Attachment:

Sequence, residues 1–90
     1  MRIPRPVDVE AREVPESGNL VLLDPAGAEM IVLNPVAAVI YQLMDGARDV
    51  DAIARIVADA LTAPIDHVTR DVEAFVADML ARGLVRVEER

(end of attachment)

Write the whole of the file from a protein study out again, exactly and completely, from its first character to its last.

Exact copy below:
Sequence, residues 1–90
     1  MRIPRPVDVE AREVPESGNL VLLDPAGAEM IVLNPVAAVI YQLMDGARDV
    51  DAIARIVADA LTAPIDHVTR DVEAFVADML ARGLVRVEER